Jackman, Isaac (c.1740–1831), newspaper editor and playwright, was born in Dublin, son of a clerk in the office of the lord mayor; nothing more is known of his family. He qualified as an attorney at King's Inns in 1762 and practised in Dublin for some years before departing for London. There he married a wealthy woman; but at her death, which occurred soon after the marriage, her annuity stopped. Jackman, left penniless, turned to writing for the stage. His first work was the comic opera ‘Milesian’, which opened at Drury Lane on 20 March 1777 and was indifferently received. The following month he had much greater success with his farce ‘All the world's a stage’, which opened at Drury Lane on 7 April 1777 and was frequently revived. After this success Jackman seems to have taken over the editorship of the Morning Post, formerly an opposition paper, which was bought by the government in 1776. As the identities of the editors were kept secret it is difficult to ascertain dates for Jackman's tenure, but in November 1780 the paper was involved in a scandal engineered by Henry Bate, proprietor of the rival Morning Herald, and this resulted in Jackman challenging Bate's emissary to a duel and his name being in the public arena. Shortly after this he appears to have been dismissed, but he may have returned subsequently; the DNB puts him as a likely candidate for one of the two Irishmen who edited the Morning Post between 1786 and 1795. According to the Dublin University Magazine, he was also editor of an Irish paper after 1780.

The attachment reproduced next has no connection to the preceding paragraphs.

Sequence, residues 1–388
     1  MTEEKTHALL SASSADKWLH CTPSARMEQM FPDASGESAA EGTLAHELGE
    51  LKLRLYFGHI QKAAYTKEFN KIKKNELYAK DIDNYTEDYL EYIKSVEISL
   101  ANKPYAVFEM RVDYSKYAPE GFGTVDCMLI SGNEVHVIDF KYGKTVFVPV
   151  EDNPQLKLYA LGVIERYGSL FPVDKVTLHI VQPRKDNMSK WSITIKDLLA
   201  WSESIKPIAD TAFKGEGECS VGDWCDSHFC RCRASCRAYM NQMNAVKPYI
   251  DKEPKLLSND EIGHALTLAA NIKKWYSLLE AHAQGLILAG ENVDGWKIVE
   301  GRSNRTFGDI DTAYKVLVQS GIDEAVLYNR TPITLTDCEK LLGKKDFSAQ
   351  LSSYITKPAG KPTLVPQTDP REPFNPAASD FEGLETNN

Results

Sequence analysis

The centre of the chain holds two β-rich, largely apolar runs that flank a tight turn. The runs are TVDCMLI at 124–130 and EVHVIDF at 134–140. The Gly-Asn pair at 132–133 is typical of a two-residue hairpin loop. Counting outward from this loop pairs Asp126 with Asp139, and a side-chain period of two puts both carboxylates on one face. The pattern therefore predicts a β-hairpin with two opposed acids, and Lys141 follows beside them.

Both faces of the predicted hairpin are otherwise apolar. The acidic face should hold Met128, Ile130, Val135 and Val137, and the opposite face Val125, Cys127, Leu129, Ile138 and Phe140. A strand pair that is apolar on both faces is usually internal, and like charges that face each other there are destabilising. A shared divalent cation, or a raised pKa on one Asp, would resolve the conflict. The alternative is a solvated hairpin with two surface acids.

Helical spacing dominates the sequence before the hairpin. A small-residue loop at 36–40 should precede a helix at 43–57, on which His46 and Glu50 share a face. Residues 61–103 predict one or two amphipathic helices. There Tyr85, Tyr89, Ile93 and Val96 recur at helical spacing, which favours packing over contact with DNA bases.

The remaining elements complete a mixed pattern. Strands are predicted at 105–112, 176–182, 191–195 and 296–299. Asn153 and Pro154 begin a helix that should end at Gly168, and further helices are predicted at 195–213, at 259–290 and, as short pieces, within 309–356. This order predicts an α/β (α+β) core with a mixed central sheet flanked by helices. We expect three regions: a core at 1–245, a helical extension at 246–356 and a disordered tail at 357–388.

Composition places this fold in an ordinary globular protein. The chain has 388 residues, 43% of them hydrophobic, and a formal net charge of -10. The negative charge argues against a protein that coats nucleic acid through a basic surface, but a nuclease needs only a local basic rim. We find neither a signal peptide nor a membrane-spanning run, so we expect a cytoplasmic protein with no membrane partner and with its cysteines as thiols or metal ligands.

Jackman wrote four more plays. ‘The divorce’, a farce, was produced at Drury Lane on 10 November 1781 and was moderately well received. ‘The man of parts; or, A trip to London’ was another farce, judged by the Dublin University Magazine to be the worst of his plays. It was acted in Crow St. Theatre in Dublin and was published in 1785. Two years later the classical burlesque ‘Hero and Leander’ appeared at the Royalty Theatre, Goodman's Fields, and had a good run. ‘Almirina’ also appeared at the Royalty and was a one-man play, acted by John Palmer with the aid of wooden and pasteboard figures. This idea did not originate with Jackman but had been put into practice by Samuel Foote in his ‘Tragedy-a-la-mode’. After 1787 Jackman wrote no further plays and nothing further is recorded of him until his death in 1831.